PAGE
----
'Turn Of Mind': The Haunted House Is In Your Head
Paranoia is the oxygen of a suspense story. Think of all those great films — most of them made by Hitchcock — built around the premise of a main character questioning his or her own gut instincts: Suspicion, Gaslight, Shadow of a Doubt, Rebecca. While it's always satisfying to see that basic premise of self-doubt in suspense endlessly resurrected, it's downright spine-tingling to encounter the work of a new writer who has managed to ring brilliant changes on that classic formula.
Turn of Mind is a debut novel by Alice LaPlante billed as a "literary thriller": that it sure is. The main character here is Dr. Jennifer White. She's 64 years old and retired from her practice as an orthopedic surgeon in Chicago. Her old friend down the block, a woman named Amanda with whom she's shared good times as well as a lot of emotional friction, has just been found dead in her house, murdered. What's especially gruesome about Amanda's murder is the fact that four of her fingers were surgically removed after she was killed. Did I mention that Dr. Jennifer White's specialty as a surgeon was hands? And that the two women were heard arguing the night of the murder? The solution to this crime should be simple to grasp, so to speak, except for one problem. Dr. White has been diagnosed with dementia. She simply can't remember whether or not she murdered her friend. Most days she doesn't even remember that her friend is dead.
This is a "can't fail" premise that any moderately competent suspense writer could spin an entertaining novel out of; but, what bumps Turn of Mind up into the exalted Daphne du Maurier/Ruth Rendell category of "literary thriller" is LaPlante's fearless and compassionate investigation into the erosion of her main character's mind. Here's how Dr. White herself, in one of her more lucid moments, describes her own deterioration:
"This half state. Life in the shadows. As the neurofibrillary tangles proliferate, as the neuritic plaques harden, as synapses cease to fire and my mind rots out, I remain aware. An unanesthetized patient."
Turn of Mind reads as a series of fragmentary-but-illuminating first-person conversations between Dr. White and various other characters — some of them living (like Dr. White's caregiver, her concerned adult daughter and her shiftless son); some of them dead (like the murder victim herself). In the short space of these dialogues, Dr. White's grip on reality fades in and out like an iffy radio frequency, and time frames collapse into each other with fluid ease. We readers become so (nervously) at home in the haunted house of Dr. White's head that when she describes her disorientation one night in trying to find her way out of what we think is her locked bedroom and her subsequent decision to just squat down on the rug and pee, well, it makes perfect off-kilter sense. Black humor even wafts into this nightmare every so often. Early on, Dr. White attends an Alzheimer's support group. The leader, a young social worker, refers to the group as being guided by "Two Circular Steps." Step One [he tells the attendees]is admitting you have a problem. Step Two is forgetting you have the problem. But, all jokes stop when Dr. White, in conversation with a police detective, obligingly opens a piano bench stuffed with junk and shows the detective where she has buried her surgical scalpel — the one that's most suitable for amputating fingers.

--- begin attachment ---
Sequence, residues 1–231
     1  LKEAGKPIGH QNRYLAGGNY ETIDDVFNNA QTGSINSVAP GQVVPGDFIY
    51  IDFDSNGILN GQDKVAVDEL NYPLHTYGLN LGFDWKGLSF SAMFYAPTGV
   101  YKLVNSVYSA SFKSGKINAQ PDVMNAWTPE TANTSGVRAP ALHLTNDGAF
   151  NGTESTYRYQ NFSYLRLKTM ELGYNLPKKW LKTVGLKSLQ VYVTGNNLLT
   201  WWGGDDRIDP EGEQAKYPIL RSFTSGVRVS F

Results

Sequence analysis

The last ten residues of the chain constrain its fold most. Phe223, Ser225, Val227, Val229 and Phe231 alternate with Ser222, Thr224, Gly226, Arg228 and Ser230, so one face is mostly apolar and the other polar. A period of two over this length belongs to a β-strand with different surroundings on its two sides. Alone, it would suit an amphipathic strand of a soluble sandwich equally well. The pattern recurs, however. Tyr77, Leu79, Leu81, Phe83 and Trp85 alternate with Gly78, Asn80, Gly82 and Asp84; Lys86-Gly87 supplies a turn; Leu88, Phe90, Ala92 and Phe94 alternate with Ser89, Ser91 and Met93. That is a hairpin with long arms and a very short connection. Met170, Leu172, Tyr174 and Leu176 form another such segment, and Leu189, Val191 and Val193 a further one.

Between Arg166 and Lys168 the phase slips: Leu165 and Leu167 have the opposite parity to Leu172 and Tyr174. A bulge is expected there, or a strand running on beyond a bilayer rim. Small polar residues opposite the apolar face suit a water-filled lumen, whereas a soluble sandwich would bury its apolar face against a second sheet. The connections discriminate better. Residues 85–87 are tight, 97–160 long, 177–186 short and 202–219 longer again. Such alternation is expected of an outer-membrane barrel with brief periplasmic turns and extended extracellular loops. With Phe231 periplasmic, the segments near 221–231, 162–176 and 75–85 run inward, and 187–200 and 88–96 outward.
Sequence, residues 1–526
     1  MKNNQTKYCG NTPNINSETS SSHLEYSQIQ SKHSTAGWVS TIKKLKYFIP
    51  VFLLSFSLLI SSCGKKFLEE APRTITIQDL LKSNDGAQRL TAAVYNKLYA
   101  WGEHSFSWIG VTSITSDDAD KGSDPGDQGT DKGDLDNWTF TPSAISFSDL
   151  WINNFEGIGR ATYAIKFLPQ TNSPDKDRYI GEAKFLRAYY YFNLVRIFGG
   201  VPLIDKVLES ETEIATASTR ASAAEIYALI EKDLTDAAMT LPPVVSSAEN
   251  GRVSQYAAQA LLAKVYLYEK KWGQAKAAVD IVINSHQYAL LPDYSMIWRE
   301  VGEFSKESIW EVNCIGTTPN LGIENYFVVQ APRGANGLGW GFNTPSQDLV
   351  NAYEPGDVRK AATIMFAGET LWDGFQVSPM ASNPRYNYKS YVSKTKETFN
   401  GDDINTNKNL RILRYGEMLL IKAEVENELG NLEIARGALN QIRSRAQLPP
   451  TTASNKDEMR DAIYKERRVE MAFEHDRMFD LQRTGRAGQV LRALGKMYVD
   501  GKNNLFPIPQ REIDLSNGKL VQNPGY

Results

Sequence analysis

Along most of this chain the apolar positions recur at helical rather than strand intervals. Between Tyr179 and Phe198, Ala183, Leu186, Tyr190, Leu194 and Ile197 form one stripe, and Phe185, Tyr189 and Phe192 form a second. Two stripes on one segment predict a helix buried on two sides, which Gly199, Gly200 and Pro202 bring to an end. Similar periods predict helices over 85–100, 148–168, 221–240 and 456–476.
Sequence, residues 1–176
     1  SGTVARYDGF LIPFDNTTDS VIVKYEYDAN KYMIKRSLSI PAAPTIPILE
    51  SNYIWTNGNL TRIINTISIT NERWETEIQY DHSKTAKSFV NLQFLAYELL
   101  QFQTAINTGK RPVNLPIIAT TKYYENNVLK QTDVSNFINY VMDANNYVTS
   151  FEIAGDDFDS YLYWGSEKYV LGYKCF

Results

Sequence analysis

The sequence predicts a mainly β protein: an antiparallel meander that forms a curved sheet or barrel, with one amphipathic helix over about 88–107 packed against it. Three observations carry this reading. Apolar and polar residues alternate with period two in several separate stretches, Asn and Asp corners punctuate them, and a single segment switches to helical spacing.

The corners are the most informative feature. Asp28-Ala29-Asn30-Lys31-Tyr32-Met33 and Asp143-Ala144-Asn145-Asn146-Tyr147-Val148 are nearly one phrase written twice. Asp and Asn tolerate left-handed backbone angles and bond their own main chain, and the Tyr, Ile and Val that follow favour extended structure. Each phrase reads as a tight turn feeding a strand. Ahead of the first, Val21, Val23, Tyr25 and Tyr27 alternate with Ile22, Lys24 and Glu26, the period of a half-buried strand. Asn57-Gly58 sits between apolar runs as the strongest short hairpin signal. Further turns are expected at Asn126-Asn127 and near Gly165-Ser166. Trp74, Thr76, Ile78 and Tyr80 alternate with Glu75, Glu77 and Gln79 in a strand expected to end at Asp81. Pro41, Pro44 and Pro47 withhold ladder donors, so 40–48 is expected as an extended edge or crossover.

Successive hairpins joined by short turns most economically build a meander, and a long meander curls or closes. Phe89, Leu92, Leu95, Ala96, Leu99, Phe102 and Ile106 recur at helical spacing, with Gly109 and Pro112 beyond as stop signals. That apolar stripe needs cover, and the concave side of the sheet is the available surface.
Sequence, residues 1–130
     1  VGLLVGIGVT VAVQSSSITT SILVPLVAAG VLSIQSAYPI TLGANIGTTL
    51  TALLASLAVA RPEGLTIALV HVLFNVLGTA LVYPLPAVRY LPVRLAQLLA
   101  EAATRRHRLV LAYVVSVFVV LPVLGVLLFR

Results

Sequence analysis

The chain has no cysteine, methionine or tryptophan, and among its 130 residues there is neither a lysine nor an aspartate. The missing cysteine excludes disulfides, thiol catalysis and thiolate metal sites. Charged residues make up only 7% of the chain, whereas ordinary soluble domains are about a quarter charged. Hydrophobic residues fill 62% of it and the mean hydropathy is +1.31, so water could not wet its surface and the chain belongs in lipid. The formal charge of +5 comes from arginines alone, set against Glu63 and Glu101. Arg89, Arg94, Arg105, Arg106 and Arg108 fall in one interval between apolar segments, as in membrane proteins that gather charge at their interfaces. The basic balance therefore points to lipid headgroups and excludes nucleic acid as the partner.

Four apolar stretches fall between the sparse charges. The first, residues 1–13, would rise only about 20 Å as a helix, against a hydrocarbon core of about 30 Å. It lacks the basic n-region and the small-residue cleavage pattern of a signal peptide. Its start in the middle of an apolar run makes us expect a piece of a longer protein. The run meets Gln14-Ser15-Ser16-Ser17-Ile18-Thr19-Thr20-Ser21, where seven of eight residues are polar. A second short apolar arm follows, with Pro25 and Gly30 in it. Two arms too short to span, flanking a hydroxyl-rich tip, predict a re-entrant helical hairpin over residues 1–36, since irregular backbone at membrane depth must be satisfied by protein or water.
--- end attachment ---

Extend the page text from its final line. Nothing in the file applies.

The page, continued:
LaPlante's turn on the suspense formula is especially ingenious because, as anxious-but-enthralled readers, we have to agree to be entrapped inside Dr. White's crumbling mind for the duration: We're, thus, dependent on this most undependable of characters to (perhaps) exonerate herself as an ultimate deadline of complete mental oblivion looms. If this were a straight work of literary fiction, that grim storyline might be too hard to stick with; but, that's where the suspense formula rescues this tale from despair. Just as we're losing Dr. White, we readers are rewarded with the cold comfort of the truth about the murder. Forgetfulness, it turns out, may be something of a mercy after all.
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